Epigenetics: The new science of genetics



  • The term epigenetics is defined as the causal interactions between genes and their products that allow for phenotypic expression. A major driving force in epigenetics has been the outstanding development of new technology that has not only served to stimulate new discoveries, but has also expanded the field by allowing for novel discoveries possible only through the use of these new tools. Advances in new model organisms for understanding epigenetic processes have also greatly stimulated this field of study. Epigenetics is not only intricately associated with metabolism but also functions in stem cell behavior, X chromosome inactivation, tissue regeneration, genomic imprinting, the transfer of information through generations, neurological memory processes, and even the aging of organisms. Epigenetics has also played roles in evolution and has served as a molecular driver of mutations. Moreover, the changing environment is currently reshaping the evolution of many organisms through plastic epigenetic processes. Epidemiological factors such as diet, environmental exposure, microbial infections, and drugs are also influencing daily lives through epigenetics. Diseases that have been associated with epigenetic processes range from schizophrenia to cancer and the list of these diseases is rapidly expanding. Fortunately, the field of epigenetic therapy is also expanding and the hope is that the future will see many novel treatments for the numerous diseases that are derived from epigenetic defects. © 2011 Elsevier Inc. All rights reserved.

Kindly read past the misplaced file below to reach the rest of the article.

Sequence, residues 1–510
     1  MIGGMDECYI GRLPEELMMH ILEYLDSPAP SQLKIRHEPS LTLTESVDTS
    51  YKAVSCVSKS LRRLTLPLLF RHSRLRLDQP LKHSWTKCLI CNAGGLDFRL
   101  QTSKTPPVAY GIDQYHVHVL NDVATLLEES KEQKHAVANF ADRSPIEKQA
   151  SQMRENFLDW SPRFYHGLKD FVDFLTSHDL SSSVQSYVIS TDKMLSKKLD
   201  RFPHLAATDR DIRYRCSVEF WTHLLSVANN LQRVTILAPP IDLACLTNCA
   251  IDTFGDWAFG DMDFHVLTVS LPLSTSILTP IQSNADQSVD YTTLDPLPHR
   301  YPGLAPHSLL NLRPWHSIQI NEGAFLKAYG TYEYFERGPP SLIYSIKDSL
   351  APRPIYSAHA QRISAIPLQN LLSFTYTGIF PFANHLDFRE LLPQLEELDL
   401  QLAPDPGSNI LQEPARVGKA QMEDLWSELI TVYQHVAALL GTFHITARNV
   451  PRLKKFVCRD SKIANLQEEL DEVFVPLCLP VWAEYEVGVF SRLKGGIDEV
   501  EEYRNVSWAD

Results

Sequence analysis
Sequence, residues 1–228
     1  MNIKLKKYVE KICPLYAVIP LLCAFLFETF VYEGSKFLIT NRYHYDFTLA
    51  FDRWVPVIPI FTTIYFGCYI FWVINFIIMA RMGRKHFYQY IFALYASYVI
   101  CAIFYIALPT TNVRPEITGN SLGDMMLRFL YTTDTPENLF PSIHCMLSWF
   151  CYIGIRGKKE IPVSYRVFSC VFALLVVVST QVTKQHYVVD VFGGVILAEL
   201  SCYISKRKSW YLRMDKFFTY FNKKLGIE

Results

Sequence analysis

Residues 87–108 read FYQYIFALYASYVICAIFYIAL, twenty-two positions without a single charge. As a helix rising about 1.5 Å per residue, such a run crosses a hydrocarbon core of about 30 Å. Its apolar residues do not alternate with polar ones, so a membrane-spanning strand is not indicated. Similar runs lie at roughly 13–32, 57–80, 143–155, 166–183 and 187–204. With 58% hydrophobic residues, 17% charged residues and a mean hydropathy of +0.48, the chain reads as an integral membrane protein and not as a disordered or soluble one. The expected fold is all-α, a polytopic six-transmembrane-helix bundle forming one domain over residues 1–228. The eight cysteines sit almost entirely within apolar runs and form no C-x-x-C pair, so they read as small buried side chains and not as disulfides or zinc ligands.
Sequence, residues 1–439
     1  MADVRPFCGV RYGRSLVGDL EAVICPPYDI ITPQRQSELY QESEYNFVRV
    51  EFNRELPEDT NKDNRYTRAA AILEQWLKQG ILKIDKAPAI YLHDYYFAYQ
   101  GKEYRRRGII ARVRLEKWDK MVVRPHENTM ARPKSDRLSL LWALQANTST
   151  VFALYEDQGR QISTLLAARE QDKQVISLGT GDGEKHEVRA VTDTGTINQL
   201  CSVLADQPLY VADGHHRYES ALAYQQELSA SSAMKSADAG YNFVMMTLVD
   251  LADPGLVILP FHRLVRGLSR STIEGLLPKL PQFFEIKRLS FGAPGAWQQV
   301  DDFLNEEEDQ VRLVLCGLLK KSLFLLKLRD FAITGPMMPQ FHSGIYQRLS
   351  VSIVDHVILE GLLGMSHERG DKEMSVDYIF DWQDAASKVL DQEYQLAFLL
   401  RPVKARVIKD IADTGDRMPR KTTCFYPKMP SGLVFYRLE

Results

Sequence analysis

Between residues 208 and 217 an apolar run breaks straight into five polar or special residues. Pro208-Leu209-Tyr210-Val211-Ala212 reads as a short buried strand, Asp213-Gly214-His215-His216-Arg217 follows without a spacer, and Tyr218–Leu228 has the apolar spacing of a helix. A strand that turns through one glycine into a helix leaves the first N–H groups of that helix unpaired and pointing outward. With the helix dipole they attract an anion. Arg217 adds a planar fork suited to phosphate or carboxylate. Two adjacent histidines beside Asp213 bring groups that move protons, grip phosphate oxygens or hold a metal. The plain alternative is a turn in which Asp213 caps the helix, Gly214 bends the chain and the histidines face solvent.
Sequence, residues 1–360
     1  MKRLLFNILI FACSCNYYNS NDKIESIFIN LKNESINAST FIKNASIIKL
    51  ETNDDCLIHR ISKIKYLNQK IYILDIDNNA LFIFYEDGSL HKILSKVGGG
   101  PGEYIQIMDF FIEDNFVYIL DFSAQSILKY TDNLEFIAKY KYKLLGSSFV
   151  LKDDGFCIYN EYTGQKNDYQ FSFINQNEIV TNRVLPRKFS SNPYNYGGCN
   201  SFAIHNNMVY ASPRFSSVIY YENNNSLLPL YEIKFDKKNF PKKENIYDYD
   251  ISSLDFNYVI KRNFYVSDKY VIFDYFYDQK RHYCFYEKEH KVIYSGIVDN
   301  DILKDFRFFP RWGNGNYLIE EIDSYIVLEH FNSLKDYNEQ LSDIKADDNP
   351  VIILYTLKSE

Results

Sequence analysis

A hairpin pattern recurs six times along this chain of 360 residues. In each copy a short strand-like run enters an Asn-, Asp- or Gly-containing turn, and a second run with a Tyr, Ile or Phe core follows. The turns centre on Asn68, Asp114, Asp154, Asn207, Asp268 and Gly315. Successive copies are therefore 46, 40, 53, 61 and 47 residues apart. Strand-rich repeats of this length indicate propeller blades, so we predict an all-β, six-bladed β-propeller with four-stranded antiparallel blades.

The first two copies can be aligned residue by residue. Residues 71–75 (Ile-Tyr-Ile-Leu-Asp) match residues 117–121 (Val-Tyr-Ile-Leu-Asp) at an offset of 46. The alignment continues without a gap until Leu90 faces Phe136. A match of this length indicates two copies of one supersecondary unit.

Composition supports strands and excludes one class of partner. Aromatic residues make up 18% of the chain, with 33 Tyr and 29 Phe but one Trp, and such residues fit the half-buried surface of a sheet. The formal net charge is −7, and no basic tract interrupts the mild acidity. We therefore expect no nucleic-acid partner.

• Digital Object Identifier (doi)

    International Standard Book Number (isbn) 13

  • 9780123757098
  • Pubmed Id

  • 17351378
  • Start Page

  • 1
  • End Page

  • 6